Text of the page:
Just-In: U.S. Congress Erupts In Heated Debate Over Stablecoin Regulation

stablecoin hearing

Following the conclusion of the riveting congressional hearing on April 18 that included SEC Chair Gary Gensler, the U.S. House of Financial Services Committee is holding a hearing on the regulation of stablecoins today. The hearing follows the unveiling of a new draft bill in the House to provide a legislative framework for stablecoins.

Congress Undecided On Stablecoin Bill

The U.S. Congress weighed its opinions on the new stablecoin bill, with few deeming it to be revolutionary while representatives like Stephen Lynch and Maxine Waters charged Rep. Hill — presiding as the Vice-Chairman of the House Financial Services Committee — and demanded further amendments to the proposed bill.

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The draft bill which intends to put a greater emphasis on stablecoins and stimulate research into the producing a digital dollar would obligate stablecoin issuers to hold reserves supporting their stablecoins on at least a one-to-one basis.

While speaking on stablecoin development and driving growth, Blockchain Association’s Chief Policy Officer, Jake Chervinsky, was quoted as saying:

Given the right policies, stablecoins can revolutionize the payment system & reinforce the dominance of the U.S. Dollar at a time when foreign adversaries like China are seeking to undermine its status as the global reserve currency.

Crypto Stalwarts Push Stablecoin Regulation

Austin Campbell who’s the current Managing Partner at Zero Knowledge Consulting emphasized that if the United States embraces the innovation of stablecoins, then with the rise of blockchains and crypto adoption, the reach of the dollar would also grow concurrently.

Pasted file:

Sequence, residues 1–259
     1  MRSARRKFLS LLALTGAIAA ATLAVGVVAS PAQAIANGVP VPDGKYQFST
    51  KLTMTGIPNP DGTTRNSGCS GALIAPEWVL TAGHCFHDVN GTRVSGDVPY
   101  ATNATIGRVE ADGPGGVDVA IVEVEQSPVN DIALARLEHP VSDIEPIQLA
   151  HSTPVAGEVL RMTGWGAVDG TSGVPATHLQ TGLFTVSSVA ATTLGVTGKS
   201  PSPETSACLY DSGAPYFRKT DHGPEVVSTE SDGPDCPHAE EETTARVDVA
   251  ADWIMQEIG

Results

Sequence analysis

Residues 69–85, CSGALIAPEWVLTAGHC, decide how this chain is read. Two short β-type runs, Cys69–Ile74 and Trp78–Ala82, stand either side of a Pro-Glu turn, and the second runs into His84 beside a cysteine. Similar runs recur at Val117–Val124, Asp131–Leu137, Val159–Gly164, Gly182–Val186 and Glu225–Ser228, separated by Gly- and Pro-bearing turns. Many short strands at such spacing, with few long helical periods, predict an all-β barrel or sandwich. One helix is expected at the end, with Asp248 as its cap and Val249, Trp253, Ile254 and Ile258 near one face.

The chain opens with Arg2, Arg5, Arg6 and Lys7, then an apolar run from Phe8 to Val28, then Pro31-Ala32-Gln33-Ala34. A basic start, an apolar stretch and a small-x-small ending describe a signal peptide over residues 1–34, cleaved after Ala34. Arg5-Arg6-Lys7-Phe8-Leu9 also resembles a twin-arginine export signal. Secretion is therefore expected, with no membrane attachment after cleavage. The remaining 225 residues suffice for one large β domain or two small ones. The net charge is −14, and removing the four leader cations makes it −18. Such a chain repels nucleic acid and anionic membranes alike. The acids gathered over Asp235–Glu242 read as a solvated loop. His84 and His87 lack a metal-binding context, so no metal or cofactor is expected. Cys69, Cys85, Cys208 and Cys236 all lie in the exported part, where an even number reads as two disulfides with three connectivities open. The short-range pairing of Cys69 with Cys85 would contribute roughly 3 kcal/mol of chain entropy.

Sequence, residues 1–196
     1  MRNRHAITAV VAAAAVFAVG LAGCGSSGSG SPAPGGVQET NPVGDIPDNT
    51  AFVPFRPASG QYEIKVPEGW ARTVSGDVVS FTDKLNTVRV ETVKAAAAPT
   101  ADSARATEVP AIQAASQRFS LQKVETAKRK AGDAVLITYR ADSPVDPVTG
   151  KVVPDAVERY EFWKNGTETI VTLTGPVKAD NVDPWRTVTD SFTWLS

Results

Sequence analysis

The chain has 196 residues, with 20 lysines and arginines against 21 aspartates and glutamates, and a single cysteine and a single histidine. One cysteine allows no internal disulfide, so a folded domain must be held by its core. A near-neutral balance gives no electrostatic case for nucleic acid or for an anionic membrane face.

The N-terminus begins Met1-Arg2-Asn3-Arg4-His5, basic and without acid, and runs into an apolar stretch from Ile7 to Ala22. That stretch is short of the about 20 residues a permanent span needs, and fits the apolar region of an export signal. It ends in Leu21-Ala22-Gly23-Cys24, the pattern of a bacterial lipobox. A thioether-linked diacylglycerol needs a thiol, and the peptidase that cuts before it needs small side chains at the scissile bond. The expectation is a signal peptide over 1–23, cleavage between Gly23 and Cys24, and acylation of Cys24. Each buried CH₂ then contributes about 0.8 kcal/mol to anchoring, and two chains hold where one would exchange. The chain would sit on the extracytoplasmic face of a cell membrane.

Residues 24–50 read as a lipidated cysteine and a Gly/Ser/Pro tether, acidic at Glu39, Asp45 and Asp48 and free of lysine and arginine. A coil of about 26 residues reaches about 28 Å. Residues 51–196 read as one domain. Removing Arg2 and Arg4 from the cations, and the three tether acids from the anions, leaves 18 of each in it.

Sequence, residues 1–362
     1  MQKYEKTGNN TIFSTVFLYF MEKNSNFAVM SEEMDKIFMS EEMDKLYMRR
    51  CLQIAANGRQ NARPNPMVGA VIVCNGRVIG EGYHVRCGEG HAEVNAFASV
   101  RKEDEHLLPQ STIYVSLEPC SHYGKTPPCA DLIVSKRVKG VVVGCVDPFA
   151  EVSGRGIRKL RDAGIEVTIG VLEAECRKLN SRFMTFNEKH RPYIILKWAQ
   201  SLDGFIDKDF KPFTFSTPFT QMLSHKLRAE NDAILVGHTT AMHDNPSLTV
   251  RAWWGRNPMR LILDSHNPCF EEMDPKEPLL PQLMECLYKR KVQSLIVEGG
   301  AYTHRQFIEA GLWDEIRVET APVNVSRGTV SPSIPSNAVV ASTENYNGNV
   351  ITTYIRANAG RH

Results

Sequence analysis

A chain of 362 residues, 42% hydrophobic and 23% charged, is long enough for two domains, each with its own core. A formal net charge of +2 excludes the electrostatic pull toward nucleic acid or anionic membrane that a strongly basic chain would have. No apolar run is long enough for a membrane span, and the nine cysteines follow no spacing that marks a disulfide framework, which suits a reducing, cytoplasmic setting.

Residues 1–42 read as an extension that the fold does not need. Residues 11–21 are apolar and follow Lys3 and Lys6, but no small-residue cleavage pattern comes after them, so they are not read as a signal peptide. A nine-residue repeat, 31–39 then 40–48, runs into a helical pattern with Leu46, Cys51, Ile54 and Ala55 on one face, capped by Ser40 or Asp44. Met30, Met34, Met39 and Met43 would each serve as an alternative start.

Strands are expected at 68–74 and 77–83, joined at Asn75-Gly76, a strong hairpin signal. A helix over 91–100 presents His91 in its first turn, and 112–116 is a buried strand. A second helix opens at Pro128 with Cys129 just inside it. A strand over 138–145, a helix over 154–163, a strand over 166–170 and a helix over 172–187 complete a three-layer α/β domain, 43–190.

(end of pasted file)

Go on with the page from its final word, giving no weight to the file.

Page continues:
Additionally, he highlighted the fact that if the reserves for stablecoins, when appropriately regulated, “provide a pool of additional capital purchasing treasury debt or lending to the American financial system that did not previously exist”, thereby allowing stablecoins to draw in new foreign capital to fund the government.

The stablecoin draft bill is reported to place the Federal Reserve Board in control of stablecoin issuers that are not financial institutions. However, insured depository institutions and insured credit unions that desire to issue stablecoins would be overseen by appropriate federal banking regulators or the National Credit Union Administration. A fine of up to $1 million USD and up to five years in prison might be imposed on those who release stablecoins without the authorities’ consent.

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Pratik Bhuyan